The easy, practiced, nothing-to-it interplay between Fabrice Luchini (master of the injured look, whether the insult was real or imagined) and Kristin Scott Thomas (mistress of dry, high comedy and imperious confidence, even when her characters are falling apart) is reason enough to see the crafty comedy-drama "In the House."
Based on a Spanish play, writer-director Francois Ozon's film has Frenchified the material through and through. Ozon, whose works include the cool psychological thriller "Swimming Pool" and the more recent '70s-style show "Potiche," is a clever stylist as well as a keen observer of human misbehavior. "In the House" casts Luchini as the long-married upper-school literature and writing professor who embarks on a dangerous mentoring relationship with a particularly talented but borderline-criminal student essayist (Ernst Umhauer). Scott Thomas, as the teacher's gallery-manager wife, matches Luchini every step of the way.
Her character, whose gallery is on the ropes and whose tastes are at odds with The Public, has been reading her husband's students' creative writing samples for years. But there's something about this boy, Claude. He writes well, but heartlessly, in serial "to be continued" chapters, about his insinuating exploits as he ingratiates himself into the good graces of his new best friend (Bastien Ughetto). A catlike schemer, the 16-year-old Claude chronicles his friend's stifling suburban lifestyle. He's most interested in the "perfect" but bored mother (Emmanuelle Seignier) on the scene.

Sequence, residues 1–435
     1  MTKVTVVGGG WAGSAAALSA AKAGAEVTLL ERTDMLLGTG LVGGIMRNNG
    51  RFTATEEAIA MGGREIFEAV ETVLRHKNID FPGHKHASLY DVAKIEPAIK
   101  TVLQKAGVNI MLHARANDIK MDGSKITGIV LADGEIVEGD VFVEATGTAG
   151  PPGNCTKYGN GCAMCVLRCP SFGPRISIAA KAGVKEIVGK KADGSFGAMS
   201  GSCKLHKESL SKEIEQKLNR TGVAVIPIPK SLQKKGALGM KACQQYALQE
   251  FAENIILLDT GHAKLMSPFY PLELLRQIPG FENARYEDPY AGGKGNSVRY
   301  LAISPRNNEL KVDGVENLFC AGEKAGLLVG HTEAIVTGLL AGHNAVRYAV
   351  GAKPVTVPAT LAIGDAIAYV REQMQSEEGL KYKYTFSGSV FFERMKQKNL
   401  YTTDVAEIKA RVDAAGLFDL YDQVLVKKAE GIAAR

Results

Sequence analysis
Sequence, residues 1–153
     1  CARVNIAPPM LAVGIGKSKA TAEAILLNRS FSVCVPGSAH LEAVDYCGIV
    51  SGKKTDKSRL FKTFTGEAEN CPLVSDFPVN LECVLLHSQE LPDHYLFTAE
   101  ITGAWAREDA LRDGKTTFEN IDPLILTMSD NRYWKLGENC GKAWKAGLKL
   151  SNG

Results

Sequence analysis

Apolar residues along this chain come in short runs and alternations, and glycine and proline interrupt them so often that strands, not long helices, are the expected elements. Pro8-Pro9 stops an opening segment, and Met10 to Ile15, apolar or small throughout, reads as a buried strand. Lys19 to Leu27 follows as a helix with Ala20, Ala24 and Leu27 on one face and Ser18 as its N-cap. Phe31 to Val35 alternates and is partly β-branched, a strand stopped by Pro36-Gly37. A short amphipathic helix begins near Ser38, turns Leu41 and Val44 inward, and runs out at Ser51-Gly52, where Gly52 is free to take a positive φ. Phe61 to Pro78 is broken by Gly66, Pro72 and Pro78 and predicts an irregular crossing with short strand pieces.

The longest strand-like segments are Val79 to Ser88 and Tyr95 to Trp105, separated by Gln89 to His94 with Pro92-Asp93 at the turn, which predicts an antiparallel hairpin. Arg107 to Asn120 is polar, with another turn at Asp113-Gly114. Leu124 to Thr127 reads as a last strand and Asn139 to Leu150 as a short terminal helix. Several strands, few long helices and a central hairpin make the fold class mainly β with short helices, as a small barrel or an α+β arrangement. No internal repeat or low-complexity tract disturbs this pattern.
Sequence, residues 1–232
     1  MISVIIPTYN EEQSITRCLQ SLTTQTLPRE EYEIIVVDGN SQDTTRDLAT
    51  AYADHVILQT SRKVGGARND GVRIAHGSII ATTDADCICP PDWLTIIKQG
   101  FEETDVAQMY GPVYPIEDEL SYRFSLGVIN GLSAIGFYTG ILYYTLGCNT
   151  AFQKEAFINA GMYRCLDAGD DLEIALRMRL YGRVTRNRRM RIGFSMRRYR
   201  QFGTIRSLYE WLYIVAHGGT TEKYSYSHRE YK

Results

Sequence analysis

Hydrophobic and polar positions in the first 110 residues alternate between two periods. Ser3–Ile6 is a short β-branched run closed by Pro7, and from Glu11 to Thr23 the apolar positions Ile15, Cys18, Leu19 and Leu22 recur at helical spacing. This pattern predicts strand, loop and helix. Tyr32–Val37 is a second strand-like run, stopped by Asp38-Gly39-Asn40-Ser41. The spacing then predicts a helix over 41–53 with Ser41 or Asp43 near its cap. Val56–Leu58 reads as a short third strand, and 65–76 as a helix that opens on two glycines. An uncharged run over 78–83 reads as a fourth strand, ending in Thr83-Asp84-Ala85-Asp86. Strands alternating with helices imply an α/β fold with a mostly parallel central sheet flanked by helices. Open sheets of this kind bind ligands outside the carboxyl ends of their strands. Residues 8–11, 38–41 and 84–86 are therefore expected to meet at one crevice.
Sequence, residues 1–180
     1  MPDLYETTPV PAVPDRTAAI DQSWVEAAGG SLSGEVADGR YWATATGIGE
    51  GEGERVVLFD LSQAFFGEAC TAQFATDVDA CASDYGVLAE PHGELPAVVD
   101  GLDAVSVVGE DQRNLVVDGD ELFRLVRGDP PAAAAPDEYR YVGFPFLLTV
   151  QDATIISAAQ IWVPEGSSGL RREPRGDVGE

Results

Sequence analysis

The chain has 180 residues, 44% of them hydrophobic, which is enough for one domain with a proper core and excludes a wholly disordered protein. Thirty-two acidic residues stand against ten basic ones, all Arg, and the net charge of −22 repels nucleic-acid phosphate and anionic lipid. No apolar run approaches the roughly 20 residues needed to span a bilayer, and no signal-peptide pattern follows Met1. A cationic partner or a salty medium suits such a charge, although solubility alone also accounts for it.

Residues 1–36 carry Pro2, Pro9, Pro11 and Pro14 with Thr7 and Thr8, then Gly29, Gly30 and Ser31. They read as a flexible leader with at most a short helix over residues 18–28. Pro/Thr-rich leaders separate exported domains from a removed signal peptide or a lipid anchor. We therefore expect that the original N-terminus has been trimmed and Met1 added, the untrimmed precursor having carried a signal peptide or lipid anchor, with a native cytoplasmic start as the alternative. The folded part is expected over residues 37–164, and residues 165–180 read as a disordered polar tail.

A director could shoot this same script an entirely different way, emphasizing the not-too-good-seed aspects of Claude's personality and the material's thriller possibilities. Ozon, however, has a more interesting agenda: that of arch, brittle bourgeois comedy, with an undertow of pain. As the teacher advises Claude on the finer points of developing conflict, fully fleshed characters and the like, he becomes a part-owner in the story being written. Then he and his wife begin appearing in the stories themselves.
The movie is entertaining — bantamweight, but quick on its feet. The humor lies in such moments as Scott Thomas, clucking over Claude's latest writing assignment ("Don't you find it shocking?") while surrounded in her gallery by an exhibition featuring blow-up sex dolls. Ozon doesn't push or inflate the story into more than it's worth. He allows his actors, particularly Luchini and Scott Thomas, to set the tone and keep us guessing.
No MPAA rating (some nudity, sexual material, language)
Running time: 1:44
Opens: Friday at Landmark's Century Centre Cinema